Steinberg Talks Tax (TM) Vol. 4, No. 6, August 1, 2010 (www.steinbergtaxlaw.com) admonished taxpayers to avoid certain investments and strategies that unduly complicate one’s tax life. Among those I had suggested to avoid were foreign bank accounts, even if reported, ETF Commodities funds that are structured as partnerships and day trading in stocks
With regard to commodities partnerships, I wrote
- You will receive a Schedule K-1 that will make your accountant’s eyes light up, bulge and then circle in the sockets. What diversification is achieved may not be worth the added tax preparation fees and complexity.
- The Schedule K-1 usually will report many distinct items, some being arcane items like Section 1256 contracts or tax straddles, all small amounts, that must be reported in your tax return.
- You become subject to more complicated and protracted dispute procedures should IRS disagree with the partnership’s tax return.
- You become subject to possible extended statute of limitations, for example, if the partnership engages in options trading and does not separately report its short and long trades.
- You may have to file returns in one or more states and pay state income tax on local sourced partnership items.
A Wall Street Journal article “Extreme Tax Frustration” by Laura Sanders and Jason Zweig, June 25, 2011, repeats these warnings and notes additional tax traps these investment vehicles may hold:
- Many precious metal ETFs like SPDR Gold Shares hold gold bullion in a grantor trust which means the tax reporting flows through to investors. The physical gold holdings are collectibles taxed at 28% instead of 15% as would long-term gains on disposition of gold mutual fund shares. Commodity-pool gains are deemed 61% long-term and 40% short-term.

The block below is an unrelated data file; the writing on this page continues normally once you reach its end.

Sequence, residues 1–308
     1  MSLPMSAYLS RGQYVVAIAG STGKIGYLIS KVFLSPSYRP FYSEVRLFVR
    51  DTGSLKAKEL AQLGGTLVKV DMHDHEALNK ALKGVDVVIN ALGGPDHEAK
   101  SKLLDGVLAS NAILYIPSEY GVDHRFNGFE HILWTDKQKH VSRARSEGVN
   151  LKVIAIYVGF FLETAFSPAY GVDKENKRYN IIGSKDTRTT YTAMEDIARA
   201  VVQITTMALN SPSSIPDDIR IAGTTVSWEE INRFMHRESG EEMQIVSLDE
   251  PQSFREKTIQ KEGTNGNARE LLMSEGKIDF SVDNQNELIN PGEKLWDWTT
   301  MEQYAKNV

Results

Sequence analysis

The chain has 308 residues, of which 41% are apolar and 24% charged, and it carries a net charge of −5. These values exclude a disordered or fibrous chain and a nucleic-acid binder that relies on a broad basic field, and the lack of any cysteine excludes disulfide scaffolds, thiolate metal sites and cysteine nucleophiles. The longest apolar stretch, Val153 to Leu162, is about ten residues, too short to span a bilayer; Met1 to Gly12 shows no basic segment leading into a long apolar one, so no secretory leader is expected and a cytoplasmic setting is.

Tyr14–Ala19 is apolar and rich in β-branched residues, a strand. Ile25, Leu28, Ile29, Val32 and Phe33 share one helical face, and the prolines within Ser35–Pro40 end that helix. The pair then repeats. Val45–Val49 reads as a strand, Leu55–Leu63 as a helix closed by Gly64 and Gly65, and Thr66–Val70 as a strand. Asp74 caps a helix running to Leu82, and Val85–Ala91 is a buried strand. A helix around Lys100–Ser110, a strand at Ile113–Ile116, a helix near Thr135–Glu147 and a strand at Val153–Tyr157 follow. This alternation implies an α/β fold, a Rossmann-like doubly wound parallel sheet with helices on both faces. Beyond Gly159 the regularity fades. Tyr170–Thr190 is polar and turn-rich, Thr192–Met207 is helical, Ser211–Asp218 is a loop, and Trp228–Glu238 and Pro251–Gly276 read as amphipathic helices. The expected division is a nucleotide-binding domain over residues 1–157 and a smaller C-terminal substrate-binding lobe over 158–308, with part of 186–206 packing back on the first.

- Generally, more complicated tax structures create confusion and more complex tax reporting.
- Cost basis rules set to apply to brokers and mutual funds may not apply to ETFs. Thus, determining cost basis can be an arduous expensive task.
- Holding partnership interests in an IRA may subject income to corporate rates and the taxpayer to filing Form 990-T.
Finally, the WSJ authors interviewed tax preparers. One CPA states that it takes about an hour to reflect in a return all of the varied items reported on each Schedule K-1 from these partnerships. I have seen K-1s with over 30 distinct entries.
My suggestion: Follow the KISS principle, “Keep it Simple Stupid,’ unless, of course there are cogent business reasons for adding complexity.
As I’d written in the earlier newsletter:
Needlessly complicating your tax life adds to the misperception that you are accomplishing something and often creates tax problems instead of solving them. Our human perception limitations suggest that we ought to try to simplify our lives wherever and however possible. The normal tension that exists between order and chaos is not relieved by adding needless complexity. The balance point called “the edge of chaos” is not a stable position, however. Constant effort is required to keep one’s balance in life. Perhaps, the trick is to focus, as Marie Dressler said, on the “few things (that) are really important.” In tax matters I believe, for most circumstances, Leonardo da Vinci was correct in saying, “simplicity is the ultimate sophistication.”
Copyright 2011 by Robert S. Steinberg
All rights reserved.